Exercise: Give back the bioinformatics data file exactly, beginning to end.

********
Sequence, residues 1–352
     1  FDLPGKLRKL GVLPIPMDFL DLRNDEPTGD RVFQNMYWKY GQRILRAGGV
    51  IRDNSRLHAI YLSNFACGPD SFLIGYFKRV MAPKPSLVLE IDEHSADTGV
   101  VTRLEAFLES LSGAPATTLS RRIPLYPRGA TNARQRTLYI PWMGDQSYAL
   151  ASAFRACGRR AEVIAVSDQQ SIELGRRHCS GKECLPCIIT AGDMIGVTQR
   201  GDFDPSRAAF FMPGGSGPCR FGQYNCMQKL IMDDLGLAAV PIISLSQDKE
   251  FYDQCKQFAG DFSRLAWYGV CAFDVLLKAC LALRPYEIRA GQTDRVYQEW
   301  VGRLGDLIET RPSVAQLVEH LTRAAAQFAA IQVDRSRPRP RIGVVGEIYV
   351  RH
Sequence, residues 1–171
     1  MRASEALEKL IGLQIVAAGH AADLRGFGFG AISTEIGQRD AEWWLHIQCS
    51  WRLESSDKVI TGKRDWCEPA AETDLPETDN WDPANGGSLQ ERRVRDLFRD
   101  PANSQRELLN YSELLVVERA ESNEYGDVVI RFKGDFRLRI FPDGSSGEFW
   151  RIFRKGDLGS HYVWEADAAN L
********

Sequence, residues 1–352
     1  FDLPGKLRKL GVLPIPMDFL DLRNDEPTGD RVFQNMYWKY GQRILRAGGV
    51  IRDNSRLHAI YLSNFACGPD SFLIGYFKRV MAPKPSLVLE IDEHSADTGV
   101  VTRLEAFLES LSGAPATTLS RRIPLYPRGA TNARQRTLYI PWMGDQSYAL
   151  ASAFRACGRR AEVIAVSDQQ SIELGRRHCS GKECLPCIIT AGDMIGVTQR
   201  GDFDPSRAAF FMPGGSGPCR FGQYNCMQKL IMDDLGLAAV PIISLSQDKE
   251  FYDQCKQFAG DFSRLAWYGV CAFDVLLKAC LALRPYEIRA GQTDRVYQEW
   301  VGRLGDLIET RPSVAQLVEH LTRAAAQFAA IQVDRSRPRP RIGVVGEIYV
   351  RH
Sequence, residues 1–171
     1  MRASEALEKL IGLQIVAAGH AADLRGFGFG AISTEIGQRD AEWWLHIQCS
    51  WRLESSDKVI TGKRDWCEPA AETDLPETDN WDPANGGSLQ ERRVRDLFRD
   101  PANSQRELLN YSELLVVERA ESNEYGDVVI RFKGDFRLRI FPDGSSGEFW
   151  RIFRKGDLGS HYVWEADAAN L